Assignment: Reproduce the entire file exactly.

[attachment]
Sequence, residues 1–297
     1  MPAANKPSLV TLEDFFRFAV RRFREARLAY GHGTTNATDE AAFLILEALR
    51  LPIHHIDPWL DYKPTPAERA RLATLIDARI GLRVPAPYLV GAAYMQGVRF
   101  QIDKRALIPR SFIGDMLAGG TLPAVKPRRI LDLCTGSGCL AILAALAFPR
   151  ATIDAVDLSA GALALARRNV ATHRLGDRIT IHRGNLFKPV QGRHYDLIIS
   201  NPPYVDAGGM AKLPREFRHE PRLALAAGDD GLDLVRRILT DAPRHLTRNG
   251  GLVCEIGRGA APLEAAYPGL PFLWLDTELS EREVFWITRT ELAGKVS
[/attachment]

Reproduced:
Sequence, residues 1–297
     1  MPAANKPSLV TLEDFFRFAV RRFREARLAY GHGTTNATDE AAFLILEALR
    51  LPIHHIDPWL DYKPTPAERA RLATLIDARI GLRVPAPYLV GAAYMQGVRF
   101  QIDKRALIPR SFIGDMLAGG TLPAVKPRRI LDLCTGSGCL AILAALAFPR
   151  ATIDAVDLSA GALALARRNV ATHRLGDRIT IHRGNLFKPV QGRHYDLIIS
   201  NPPYVDAGGM AKLPREFRHE PRLALAAGDD GLDLVRRILT DAPRHLTRNG
   251  GLVCEIGRGA APLEAAYPGL PFLWLDTELS EREVFWITRT ELAGKVS